Alessandro Trovati/Associated Press file photo
Alessandro Trovati/Associated Press file photo
Lindsey Vonn is in a good place heading into the World Cup season – a “really happy place” as she’s fond of calling it.
Just a year ago, her personal life was turned upside down when she separated from her husband of four years.
Since then, the U.S. skier has put the split behind her and rekindled relationships with teammates. She’s also feeling as strong as ever after taking a different training approach this offseason to save wear and tear on her balky left knee.
And sure, defending her overall title this season remains at the top of her to-do list. So is this: eclipsing the 2,000-point plateau after finishing just 20 away last season. She would like nothing more than to join Austrian great Hermann Maier as the only skiers to attain that lofty mark.
“I want to try to improve on what I did last year,” Vonn said in an interview from Portillo, Chile, where she’s training with the U.S. squad. “That may not be possible. But that’s what I’m going to try and do.”
In the midst of her personal strife last season, Vonn found solace in the one place that’s always been her sanctuary – the slopes. Once she clicked into her skis, Vonn was all business, as she captured 12 World Cup races, putting her within striking distance of becoming the all-time winningest female skier. She has 53 career victories, trailing only Annemarie Moser-Proell of Austria (62) and Vreni Schneider of Switzerland (55).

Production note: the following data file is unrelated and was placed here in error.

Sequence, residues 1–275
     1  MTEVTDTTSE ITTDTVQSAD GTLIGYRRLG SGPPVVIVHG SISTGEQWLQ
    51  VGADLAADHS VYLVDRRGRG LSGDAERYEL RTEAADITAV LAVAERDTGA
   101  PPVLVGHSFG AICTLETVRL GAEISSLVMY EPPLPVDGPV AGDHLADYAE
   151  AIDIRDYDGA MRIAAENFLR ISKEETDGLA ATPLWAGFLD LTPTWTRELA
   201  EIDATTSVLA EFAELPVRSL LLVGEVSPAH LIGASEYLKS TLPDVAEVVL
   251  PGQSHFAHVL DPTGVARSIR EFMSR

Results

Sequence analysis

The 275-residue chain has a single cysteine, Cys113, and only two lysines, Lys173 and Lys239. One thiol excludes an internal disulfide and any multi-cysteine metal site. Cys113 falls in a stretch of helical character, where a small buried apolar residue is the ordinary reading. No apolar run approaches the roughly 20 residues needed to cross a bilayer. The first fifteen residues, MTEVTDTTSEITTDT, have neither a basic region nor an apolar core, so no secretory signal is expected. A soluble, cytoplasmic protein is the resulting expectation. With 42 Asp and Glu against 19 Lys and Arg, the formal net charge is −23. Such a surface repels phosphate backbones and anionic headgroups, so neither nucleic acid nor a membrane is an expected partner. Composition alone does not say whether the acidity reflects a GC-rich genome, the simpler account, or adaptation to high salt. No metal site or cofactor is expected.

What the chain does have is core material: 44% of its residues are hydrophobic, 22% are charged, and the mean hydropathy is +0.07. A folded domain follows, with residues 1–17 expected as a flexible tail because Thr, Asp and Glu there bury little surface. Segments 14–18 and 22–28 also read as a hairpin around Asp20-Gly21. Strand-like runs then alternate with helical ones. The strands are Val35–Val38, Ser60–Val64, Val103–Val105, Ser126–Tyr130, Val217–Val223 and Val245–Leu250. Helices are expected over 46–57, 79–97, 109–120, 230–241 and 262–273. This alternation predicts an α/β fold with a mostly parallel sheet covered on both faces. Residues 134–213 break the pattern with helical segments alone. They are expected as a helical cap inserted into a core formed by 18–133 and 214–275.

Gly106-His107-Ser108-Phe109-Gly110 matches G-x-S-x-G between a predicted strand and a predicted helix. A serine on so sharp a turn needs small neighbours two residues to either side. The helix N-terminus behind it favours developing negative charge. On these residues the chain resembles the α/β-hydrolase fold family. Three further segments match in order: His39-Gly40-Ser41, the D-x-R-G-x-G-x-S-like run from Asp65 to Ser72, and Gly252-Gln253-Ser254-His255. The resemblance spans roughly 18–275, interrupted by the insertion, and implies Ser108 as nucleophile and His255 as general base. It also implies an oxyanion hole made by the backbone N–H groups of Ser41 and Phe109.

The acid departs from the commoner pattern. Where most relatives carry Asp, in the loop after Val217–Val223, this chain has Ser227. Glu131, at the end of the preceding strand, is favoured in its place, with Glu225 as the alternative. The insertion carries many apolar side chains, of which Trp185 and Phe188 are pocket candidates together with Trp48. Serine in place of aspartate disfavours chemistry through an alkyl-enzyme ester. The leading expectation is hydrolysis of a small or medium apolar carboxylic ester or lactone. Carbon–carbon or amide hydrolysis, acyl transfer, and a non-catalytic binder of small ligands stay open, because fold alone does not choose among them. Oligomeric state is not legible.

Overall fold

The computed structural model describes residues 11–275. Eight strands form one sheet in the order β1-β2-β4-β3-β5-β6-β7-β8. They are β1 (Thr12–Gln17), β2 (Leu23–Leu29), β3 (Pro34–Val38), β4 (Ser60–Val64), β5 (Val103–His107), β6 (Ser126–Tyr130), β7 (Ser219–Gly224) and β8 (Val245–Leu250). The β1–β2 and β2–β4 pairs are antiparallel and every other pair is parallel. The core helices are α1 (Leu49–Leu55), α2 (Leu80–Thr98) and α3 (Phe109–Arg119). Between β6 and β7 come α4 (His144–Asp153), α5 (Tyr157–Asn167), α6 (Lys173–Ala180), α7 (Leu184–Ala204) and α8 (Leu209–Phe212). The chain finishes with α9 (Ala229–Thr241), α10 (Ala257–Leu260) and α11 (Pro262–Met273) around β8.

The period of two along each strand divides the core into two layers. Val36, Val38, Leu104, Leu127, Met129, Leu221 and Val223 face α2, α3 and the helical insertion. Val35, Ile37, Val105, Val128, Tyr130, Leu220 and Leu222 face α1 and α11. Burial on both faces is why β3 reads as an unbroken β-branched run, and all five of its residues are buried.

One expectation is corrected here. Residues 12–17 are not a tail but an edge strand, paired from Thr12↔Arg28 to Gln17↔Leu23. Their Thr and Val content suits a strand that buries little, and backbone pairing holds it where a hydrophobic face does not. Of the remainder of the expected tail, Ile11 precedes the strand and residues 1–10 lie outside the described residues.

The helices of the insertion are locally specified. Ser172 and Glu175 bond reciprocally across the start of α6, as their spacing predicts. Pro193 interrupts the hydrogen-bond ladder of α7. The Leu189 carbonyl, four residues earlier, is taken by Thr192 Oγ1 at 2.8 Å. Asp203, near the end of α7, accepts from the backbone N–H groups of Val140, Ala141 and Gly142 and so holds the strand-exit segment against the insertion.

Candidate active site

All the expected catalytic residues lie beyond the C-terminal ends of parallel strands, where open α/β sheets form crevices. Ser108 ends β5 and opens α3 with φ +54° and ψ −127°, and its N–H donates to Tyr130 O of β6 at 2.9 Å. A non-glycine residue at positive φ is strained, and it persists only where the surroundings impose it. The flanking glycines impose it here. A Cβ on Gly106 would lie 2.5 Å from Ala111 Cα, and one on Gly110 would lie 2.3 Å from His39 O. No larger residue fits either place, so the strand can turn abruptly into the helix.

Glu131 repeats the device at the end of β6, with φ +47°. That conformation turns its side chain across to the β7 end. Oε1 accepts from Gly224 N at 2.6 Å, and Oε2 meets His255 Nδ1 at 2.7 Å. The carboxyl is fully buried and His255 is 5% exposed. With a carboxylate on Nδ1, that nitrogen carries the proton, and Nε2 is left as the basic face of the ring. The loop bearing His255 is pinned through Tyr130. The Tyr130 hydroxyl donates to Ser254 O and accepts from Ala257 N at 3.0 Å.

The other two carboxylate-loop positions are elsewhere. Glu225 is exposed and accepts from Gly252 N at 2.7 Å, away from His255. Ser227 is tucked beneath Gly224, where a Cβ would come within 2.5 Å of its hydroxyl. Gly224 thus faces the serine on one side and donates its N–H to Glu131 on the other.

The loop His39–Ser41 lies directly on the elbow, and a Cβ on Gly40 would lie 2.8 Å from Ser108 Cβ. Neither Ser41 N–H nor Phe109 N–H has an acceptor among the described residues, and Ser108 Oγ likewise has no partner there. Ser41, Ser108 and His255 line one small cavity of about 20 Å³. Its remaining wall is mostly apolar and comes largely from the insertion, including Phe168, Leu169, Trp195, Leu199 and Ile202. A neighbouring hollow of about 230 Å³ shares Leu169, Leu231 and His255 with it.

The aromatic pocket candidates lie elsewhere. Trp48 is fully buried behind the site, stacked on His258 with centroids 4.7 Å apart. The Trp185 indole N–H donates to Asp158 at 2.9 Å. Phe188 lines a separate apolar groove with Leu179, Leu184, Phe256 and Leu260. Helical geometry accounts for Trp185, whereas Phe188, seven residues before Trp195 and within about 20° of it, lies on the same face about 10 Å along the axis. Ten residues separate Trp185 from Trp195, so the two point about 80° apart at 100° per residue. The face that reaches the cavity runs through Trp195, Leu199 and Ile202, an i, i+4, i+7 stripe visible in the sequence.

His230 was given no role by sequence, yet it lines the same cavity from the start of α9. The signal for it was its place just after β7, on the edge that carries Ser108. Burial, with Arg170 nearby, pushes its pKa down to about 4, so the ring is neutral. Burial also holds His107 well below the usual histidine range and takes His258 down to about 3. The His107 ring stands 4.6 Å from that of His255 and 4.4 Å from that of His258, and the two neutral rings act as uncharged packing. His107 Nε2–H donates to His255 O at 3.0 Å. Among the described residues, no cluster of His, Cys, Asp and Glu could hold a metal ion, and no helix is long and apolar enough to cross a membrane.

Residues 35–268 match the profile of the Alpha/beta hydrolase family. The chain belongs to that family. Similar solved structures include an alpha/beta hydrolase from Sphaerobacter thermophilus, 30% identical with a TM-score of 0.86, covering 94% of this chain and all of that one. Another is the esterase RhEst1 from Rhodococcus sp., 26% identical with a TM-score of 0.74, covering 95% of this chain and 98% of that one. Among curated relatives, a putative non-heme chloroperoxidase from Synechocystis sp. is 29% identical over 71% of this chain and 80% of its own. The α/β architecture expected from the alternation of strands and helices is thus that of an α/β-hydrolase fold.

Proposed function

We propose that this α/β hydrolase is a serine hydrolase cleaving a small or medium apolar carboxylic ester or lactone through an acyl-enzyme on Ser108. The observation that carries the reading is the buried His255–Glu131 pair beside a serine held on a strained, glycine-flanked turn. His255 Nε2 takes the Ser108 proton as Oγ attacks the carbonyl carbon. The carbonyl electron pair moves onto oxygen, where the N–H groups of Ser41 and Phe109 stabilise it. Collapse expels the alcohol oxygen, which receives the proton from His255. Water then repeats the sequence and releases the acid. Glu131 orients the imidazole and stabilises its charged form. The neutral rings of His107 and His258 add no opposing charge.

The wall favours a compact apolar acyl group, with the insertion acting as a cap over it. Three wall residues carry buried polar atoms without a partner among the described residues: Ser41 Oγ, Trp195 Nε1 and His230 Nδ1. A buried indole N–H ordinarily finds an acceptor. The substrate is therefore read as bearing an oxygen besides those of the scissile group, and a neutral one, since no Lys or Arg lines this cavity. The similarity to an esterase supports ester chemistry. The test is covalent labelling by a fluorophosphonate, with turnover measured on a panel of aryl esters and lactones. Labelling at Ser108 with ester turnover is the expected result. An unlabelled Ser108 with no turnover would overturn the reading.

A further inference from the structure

“She has raised the bar as to what is capable for a female ski racer,” women’s speed coach Chip White said. “The scary thing now is she is showing no signs of slowing down.”
Constantly having friends and family around helped last season, taking her mind off any problems away from the race course. This year, her younger sister, Laura, will take a year off from school and travel around the circuit with her.
“Life is very, very different for me right now,” said Vonn, a four-time World Cup overall winner from Vail. “But I am in a really happy place. This is a new chapter. I’m ready for it.”
She wasn’t ready for this – intense tabloid speculation.
Vonn is used to making headlines for wins, not over whom she may be dating. It’s been a difficult adjustment, especially since most of the rumors have been way off the mark. None more than reports linking her with quarterback Tim Tebow after “Tebowing” following her super-G win in Beaver Creek last December.
“I guess that’s a new part of my life, too,” she said. “It seems like whoever I’m friends with, people start to think I’m dating them. It’s all crazy to me. I’m just happy being single.”
By Vonn’s standards, this summer was a low-key break from the snow. There were no trips down the red carpet or guest appearances on “Law & Order.”
Instead, she traipsed through Europe with her sisters, culminating with a visit to the luxurious beaches in the southern French resort town of Saint Tropez, attended a Rascal Flatts concert in North Carolina and ventured over to London for the Olympics.